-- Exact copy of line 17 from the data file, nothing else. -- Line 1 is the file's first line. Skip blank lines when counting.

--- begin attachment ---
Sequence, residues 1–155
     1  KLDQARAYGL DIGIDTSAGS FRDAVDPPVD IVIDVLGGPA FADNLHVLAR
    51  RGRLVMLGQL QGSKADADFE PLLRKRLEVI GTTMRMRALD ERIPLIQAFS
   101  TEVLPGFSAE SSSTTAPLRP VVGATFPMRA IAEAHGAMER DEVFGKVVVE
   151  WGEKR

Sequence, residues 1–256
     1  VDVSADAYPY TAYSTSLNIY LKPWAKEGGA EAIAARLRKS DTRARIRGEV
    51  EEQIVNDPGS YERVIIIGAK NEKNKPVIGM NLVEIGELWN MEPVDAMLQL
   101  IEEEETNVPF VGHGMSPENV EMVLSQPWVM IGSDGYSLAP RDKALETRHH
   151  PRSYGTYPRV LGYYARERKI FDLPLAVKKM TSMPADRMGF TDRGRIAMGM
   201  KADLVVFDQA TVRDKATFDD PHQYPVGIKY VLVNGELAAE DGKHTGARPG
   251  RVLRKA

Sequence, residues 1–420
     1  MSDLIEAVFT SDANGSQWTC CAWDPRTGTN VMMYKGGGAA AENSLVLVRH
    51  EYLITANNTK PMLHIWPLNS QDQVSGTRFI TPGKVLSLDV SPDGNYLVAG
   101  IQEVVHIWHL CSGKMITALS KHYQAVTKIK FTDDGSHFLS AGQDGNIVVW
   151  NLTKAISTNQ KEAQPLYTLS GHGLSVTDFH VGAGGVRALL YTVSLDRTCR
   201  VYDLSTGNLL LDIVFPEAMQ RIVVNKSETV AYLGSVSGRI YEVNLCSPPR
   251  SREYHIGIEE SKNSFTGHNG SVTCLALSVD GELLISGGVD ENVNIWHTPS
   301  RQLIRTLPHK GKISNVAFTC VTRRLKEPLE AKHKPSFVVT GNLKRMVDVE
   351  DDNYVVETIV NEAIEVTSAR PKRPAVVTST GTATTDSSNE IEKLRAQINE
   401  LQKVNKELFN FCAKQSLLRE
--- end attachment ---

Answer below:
   151  NLTKAISTNQ KEAQPLYTLS GHGLSVTDFH VGAGGVRALL YTVSLDRTCR